AWE - Fruity Fractions (prototype)

What I've worked on:

•Managed dev/design
•3D assets for airplane conversion

Fruity Fractions is a prototype for the type of one-off, low-overhead games we might have made as a supplement to a curriculum. It was originally designed in absence of the airplane aesthetic (that changed later on - see below).

The learning goal on this game was to visually conceptualize the notion of fractions (i.e. the relationships of smaller pieces of a whole). We originally planned to make the fractions come in to play as the crafting component of an adventure game, but that increased the scope of the project far beyond the "lightness" we were going for.

The reason, though, for using crafting as the starting place was because of the very real relationship fractions have with recipes, and so we simply moved that core from potions to pies. We felt that, to make a crafting game work, we had to have some mechanic for resource acquisition. To keep the game light and flexible, we looked at mobile-type games to see which genres might best fit the bill, and we decided on "match-three" (for both its ease of use and the capability to easily transfer the concept of "gathering resources" into it).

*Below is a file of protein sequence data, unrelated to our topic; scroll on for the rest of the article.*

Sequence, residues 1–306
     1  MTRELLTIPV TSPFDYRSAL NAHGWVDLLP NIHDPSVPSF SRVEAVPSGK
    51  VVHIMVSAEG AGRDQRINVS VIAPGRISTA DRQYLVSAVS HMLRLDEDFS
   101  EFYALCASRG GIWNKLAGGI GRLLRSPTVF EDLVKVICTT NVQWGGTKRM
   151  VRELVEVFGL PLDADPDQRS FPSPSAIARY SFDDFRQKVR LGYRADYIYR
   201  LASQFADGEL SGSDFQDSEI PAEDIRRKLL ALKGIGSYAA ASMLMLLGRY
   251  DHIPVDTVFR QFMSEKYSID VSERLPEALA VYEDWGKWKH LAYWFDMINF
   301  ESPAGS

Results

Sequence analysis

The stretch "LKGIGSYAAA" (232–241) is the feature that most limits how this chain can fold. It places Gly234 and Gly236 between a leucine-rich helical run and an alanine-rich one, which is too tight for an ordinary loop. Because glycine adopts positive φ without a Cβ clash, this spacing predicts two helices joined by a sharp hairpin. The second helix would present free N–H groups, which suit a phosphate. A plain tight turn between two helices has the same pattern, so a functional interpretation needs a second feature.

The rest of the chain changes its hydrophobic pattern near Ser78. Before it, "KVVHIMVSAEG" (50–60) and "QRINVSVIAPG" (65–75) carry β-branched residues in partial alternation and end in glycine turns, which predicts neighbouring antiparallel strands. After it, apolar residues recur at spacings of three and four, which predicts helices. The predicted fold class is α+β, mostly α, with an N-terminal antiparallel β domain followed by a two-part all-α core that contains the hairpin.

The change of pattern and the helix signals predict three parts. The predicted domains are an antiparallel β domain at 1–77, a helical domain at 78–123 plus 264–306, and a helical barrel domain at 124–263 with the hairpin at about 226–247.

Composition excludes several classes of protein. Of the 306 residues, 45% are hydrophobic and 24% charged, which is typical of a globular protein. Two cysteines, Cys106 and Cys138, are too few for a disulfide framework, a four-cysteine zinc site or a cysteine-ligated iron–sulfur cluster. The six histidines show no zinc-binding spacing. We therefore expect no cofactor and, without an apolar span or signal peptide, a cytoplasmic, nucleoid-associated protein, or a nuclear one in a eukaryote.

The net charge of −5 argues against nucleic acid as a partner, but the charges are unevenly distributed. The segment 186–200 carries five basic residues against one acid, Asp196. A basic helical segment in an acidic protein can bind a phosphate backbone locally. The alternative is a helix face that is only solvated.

The final version of the prototype was a match-three game that added fruit eliminated from the board into a "basket," from which the player could discard items at-will. The player was given a target recipe (the notepad shown above) and tasked with completing a certain number of recipes given a time constraint.

Interestingly, despite the initial goal of separating this thematically from airplanes, this was looked at as a potential addition to the AIR project. To showcase it for that, I worked with some others on "reskinning" this to fit the aircraft carrier theme, and I was able to create the 3D models that would replace the fruit with airplanes (instead of a basket/cupboard, they would be in a hangar waiting to go on deck). This was a learning experience for me, as I had the opportunity to create several models on a fairly tight polygon budget (<400tris).